Category Archives: healing

Abhyāsa Vairāgyam: Effort and Relinquishing

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I’m not sure what happened, but I forgot about blogging until 8:38pm on Thursday night. This is surprising because I’ve written and published something every single Thursday since June of 2011.

I’ve given up some old habits recently and I’ve found that this requires much discipline and causes a surprising amount of unrest and upset to my system. I didn’t expect it, really. I’ve been making my way to this point for several years, now – trying out quitting… coming back.  But I think I’m really ready to actually let these things go. This time, the letting go has happened without much fanfare. I decided that it was time and I stopped without much conversation or buildup. But I find it does require energy. The energy that I’m putting towards these efforts means I have less for the other things I need to do. Like remember things.

I’ve heard from my teachers that Mr. Desikachar would say that you can measure the strength of a person’s practice not on what they can do, but on what they can give up. I don’t think he was talking about forcing a change onto ourself as a measure of how much ascetic and painful torture we can endure without whining, but as an exercise to see how attached we are to the things that we enjoy. Or how much our balance and sense of peace depends on the weekly chocolate bar we get at the check out line, the evening run we have to take to unwind, or the glass of wine before dinner. Maybe giving something up that we enjoy is something that lets us see if we have our attention, our sense of self, or maybe even our joy anchored in the right place.

In the past, I’ve ‘let things go’ but I haven’t really. I must not have been ready. I’d decide to give it up and then thought about whatever it was constantly. My body might not have been indulging in the behavior, the substance or the distraction, but my mind was totally linked to it. This time, it’s less dramatic. It feels like I’m waiting for the old stuff to flush out of my deepest tissue layers. I’ve noticed these occasional pangs of wanting, but I’m not obsessing. Even so, I’m a little thrown off. I get confused about the timing of things and my dreams have a different quality. I’m likening the new patterns to a transplanted organ. Right now, I’m still recovering from the surgery. I’ll have to remember to take the anti-rejection medicine for a while. Then, maybe after a long time, it will be more normal and the new thing that I’ve taken in will be a part of me.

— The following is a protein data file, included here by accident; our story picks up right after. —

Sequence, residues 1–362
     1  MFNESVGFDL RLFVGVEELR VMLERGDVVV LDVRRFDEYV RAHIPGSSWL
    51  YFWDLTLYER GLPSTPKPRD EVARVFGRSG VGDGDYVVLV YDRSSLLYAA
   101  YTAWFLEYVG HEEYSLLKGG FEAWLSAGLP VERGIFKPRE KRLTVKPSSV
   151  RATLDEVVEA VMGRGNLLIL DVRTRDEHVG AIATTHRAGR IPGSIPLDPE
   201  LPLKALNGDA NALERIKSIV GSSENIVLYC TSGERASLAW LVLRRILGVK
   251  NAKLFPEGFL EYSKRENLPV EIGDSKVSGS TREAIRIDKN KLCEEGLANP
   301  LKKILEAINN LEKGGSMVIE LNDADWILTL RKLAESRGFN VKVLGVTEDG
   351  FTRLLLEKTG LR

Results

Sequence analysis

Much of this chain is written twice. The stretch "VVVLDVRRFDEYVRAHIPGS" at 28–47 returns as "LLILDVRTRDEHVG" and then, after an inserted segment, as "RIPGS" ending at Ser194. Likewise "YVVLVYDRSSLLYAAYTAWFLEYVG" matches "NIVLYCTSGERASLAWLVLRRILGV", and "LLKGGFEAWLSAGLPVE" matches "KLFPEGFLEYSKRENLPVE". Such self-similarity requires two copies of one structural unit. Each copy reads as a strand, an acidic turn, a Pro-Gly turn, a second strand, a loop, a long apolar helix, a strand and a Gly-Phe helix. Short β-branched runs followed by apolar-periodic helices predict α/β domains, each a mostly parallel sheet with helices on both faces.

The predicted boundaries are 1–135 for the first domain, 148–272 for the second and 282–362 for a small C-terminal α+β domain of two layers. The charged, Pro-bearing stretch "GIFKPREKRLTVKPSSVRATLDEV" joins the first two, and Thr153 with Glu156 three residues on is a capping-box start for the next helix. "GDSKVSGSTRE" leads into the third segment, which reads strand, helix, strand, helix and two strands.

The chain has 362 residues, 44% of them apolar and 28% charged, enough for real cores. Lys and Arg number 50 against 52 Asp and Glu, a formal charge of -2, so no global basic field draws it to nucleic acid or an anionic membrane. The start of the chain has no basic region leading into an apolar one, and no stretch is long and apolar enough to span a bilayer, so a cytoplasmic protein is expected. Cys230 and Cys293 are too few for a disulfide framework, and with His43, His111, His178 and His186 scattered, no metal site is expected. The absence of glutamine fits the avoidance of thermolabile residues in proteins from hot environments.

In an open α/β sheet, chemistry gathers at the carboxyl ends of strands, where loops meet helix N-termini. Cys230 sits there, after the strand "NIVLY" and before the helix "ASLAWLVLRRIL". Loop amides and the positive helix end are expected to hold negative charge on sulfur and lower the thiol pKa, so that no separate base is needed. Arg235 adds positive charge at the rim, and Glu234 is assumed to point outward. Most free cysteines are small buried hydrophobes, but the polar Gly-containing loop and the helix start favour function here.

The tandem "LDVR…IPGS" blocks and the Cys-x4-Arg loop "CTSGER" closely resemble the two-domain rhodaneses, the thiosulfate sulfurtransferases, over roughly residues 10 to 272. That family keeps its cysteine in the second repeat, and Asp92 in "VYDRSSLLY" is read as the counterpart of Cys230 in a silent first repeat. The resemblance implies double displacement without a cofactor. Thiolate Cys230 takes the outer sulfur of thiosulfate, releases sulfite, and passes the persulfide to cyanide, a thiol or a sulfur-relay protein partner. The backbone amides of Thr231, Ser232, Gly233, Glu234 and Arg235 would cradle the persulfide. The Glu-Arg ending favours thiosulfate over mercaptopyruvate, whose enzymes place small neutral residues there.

Yoga Sutra 1.12 abhyāsavairāgyābhyāṁ tannirodhaḥ

Make some efforts (abhyāsa) then relinquish what is getting in the way of your effort or goal (vairāgyām) so that you can reach a state of yoga (nirodha)

equanimity

Fall Obedient Plant in my front yard

Fall Obedient Plant in my front yard

 

I’ve been thinking about equanimity, mostly because I had a situation this week where I was not that. I was totally and unreasonably pissed off. I heard some upsetting news, started stomping around and then catastrophic thinking took over. I could see into the future… how generations of people would be affected by the incident and how the people involved were fraught with wrong thinking. They were wrong. They are wrong. Totally. Their. Fault.

It took several hours, but eventually I cooled off enough to consider my reaction. Everything I felt still seemed absolutely true –the whole part about them being totally wrong and generations of people affected, but I was very unhappy and uneasy. This motivated me to look a little closer. I thought of a similar situation that happened with a family friend in which I was able to dispassionately consider the feelings of the people on both sides of the matter. Yes, there was this unfortunate incident…and the very strong response by those involved. Yes, both people had a right to their feelings. It went on like this and I found that I felt compassion for them all. I wished them well, no matter how it turned out. and I didn’t worry about the generations to come.

This helped me to see that, perhaps, in my situation, it isn’t the incident itself that upsets me, but my relationship to the persons involved. This admission is difficult because in a relationship, all sides play a part and each person contributes something. This means I have to take responsibility for my part and that part happens to touch on deep insecurities and the some things about myself that I would rather avoid. The real (and very painful) work has to do with what’s inside of me.

How do I want it to all turn out? Eventually, I’d like to be able to come to this relationship with the kind of equanimity that allows me to see the difficult stuff clearly without all my triggers getting in the way and clogging up the glass. Clear understanding can help me to identify my role  (What can I actually do here?) so I can lovingly respond even when hit with news of crazy stuff. I think of yoga sūtra 4.7 that describes a yogi who is neither black nor white. *There’s transparency… because the yogin has no personal agenda. I won’t try to work any angle… either for my own good at the expense of another (black) nor trying to help or support so that I can feel better about myself and avoid my own suffering later (white). I’ll. Be. Clear. And ultimately, that clarity will make it easier to simply love.